How can ALS (Amyotrophic Lateral Sclerosis) be diagnosed?
ALS is a neurodegenerative disease that affects the motor neurons of your brain and spinal cord, which makes you start losing control of your voluntary muscles such as walking, eating, breathing, chewing, etc. This disease is also called Lou Gehrig’s disease. Over time this disease makes it extremely hard to walk, eat, and breathe. And in most cases, death happens due to not being able to breathe. If you are diagnosed early, prompt treatment makes life a little bit easier by controlling its symptoms and complications.
You might need to go through multiple tests to get confirmation from the doctor that you have ALS or not. The tests are as follows:
- Neurological exam: A typical neurological exam includes details about your family, work, and environmental histories. During this test, the neurologist tries to note the specific symptoms of ALS which include:
- Muscle weaknesses (a muscle of your one hand, arm, leg, foot, slurred voice, or slow speech). This exam also evaluates the muscles of your mouth, tongue, and the muscles that help in chewing or swallowing.
- They check lower motor neuron features such as muscle shrinkage or twitches. These kinds of twitches are called fasciculations which happen when neurons are not able to fully control the muscles.
- They also check upper motor neuron features such as hyperactive reflexes and muscle spasticity (a type of tightness and rigidness of the muscles).
- This exam also helps to diagnose emotional changes such as uncontrollable laughter and crying. This exam also checks changes in thinking (such as loss of judgment, or loss of common social skills). The examiner also checks if you can solve problems in verbal fluency or word recognition abilities. Although, these types are less present or less noticeable.
- Also, neurologists look for signs of pain, loss of sensation, extrapyramidal rigidity, etc. To notice any signs and symptoms of ALS.
- EMG (Electromyography): This is one of the important tests to diagnose ALS. In this test, the first doctor sends small electrical shocks through your nerves to see how fast your brain can conduct electricity and whether there are any damaged nerves. This shock might feel like static electricity but is sometimes much stronger. After this first test, in the second test, they check the electrical activity of selected muscles. This is not done by electric shocks but by putting a needle into selected muscles and detecting the electrical patterns of your muscles. In both tests, your doctor can clearly see any abnormal activity if you have ALS.
- Nerve conduction: This test is used to measure the ability of your nerves to transmit impulses by sending impulses to muscles into various parts of the body. This test tells you whether your nerve has been damaged or not. Only 10% of ALS patients have abnormal nerve conduction according to a study, but a nerve conduction abnormality suggests further diagnostic tests.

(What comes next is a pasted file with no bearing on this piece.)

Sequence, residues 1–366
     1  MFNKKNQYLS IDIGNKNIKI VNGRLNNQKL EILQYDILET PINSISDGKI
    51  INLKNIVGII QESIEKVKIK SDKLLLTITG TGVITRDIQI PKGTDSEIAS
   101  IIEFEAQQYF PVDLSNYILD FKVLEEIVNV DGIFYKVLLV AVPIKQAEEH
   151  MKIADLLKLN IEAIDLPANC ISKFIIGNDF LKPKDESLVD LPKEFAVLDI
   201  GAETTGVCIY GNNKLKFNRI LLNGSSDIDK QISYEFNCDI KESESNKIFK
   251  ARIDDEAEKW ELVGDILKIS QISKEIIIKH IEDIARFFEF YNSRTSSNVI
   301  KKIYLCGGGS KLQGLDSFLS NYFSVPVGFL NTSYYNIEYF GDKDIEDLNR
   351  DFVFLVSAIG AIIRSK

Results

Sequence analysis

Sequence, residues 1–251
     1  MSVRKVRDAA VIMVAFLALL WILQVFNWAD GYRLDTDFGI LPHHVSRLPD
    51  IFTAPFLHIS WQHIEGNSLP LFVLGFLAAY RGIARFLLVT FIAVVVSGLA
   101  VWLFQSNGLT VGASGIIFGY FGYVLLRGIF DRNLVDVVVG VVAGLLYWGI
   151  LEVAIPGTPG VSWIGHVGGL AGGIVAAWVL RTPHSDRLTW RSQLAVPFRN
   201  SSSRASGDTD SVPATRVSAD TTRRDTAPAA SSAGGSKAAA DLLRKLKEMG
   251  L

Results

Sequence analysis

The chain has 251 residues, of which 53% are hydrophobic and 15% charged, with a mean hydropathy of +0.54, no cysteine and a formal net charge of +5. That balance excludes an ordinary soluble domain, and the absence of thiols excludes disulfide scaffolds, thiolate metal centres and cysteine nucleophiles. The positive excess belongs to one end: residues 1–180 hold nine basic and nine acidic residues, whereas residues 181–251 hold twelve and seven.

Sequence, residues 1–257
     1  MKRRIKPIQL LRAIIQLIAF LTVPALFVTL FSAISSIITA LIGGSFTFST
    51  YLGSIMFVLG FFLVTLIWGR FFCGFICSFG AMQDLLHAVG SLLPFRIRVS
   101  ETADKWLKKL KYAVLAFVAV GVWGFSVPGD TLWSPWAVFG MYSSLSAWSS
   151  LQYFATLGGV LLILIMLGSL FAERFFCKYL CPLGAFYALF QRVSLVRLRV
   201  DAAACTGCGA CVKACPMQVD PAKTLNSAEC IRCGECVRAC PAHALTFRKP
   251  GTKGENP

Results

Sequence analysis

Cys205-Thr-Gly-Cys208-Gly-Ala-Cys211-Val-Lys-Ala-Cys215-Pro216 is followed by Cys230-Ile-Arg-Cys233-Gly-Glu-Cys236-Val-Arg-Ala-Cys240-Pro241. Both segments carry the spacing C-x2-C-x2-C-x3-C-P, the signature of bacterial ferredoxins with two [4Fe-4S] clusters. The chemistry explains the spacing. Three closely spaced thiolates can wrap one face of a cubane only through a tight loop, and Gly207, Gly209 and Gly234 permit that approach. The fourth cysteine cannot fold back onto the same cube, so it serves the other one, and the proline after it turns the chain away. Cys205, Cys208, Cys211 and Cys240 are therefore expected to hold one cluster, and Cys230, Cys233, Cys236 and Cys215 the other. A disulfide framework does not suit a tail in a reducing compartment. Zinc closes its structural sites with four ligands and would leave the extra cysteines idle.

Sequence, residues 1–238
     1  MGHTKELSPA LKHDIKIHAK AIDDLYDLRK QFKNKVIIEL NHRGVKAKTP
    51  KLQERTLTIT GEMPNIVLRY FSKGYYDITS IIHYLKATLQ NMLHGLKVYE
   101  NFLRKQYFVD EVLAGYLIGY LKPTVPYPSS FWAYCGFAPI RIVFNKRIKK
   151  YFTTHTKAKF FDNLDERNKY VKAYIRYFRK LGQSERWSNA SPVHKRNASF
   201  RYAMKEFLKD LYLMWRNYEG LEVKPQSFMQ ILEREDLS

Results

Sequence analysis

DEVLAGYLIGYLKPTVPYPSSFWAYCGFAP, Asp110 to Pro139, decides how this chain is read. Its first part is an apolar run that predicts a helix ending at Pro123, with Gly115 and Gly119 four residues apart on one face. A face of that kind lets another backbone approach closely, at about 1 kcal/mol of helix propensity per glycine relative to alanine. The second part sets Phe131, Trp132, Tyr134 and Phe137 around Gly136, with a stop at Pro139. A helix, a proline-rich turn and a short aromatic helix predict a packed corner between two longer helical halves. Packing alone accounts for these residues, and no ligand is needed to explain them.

- MRI: MRIs offer a clear picture of your brain and spinal cord. This is a painless process using radio waves and a powerful magnetic field. It shows more details than CAT or X-rays. With the help of MRI, you can reveal multiple sclerosis, tumors, herniated disks, and bone abnormalities that cause the symptoms in your nerves.
- Blood and urine tests: These tests help the doctor to eliminate the possibility of having other diseases besides ALS. These tests include thyroid and parathyroid disease, vitamin B12 deficiency, HIV (Human Immunodeficiency Virus), Hepatitis, auto-immune diseases, and some types of cancer.
- Spinal tap: Sometimes doctors perform a Spinal tap or lumbar puncture. This test is only necessary when an individual has unusual features of ALS such as spinal nerve abnormalities or has no sign of abnormal reflexes or spasticity. To do this test, the examiner inserts a needle into the lower part of your spinal cord to remove fluid to examine abnormal cells.
- Muscle biopsy: This test happens when the doctor thinks that you do not have ALS but some muscle disease. So, the doctor gives you anesthesia and removes the tissue of your muscles, and sends it for analysis.
- Genetic testing: This test is done rarely, only in the case of juvenile spinal muscle atrophy. This test is only performed when someone else in the family also has ALS.
ALS is a neurological disease that makes life hard and eventually leads to death. But early diagnosis and treatment make you survive longer with some ease.
Want to know more about the treatment of ALS that can make your life easier?
At Doral Health and Wellness, we have doctors that can help you manage your condition. For more information, you can visit us at 1797 Pitkin Avenue, Brooklyn, New York, 11212, or call us at 1-347-384-5690. You can also visit our website at https://doralhw.org or contact us at firstname.lastname@example.org if you have any queries.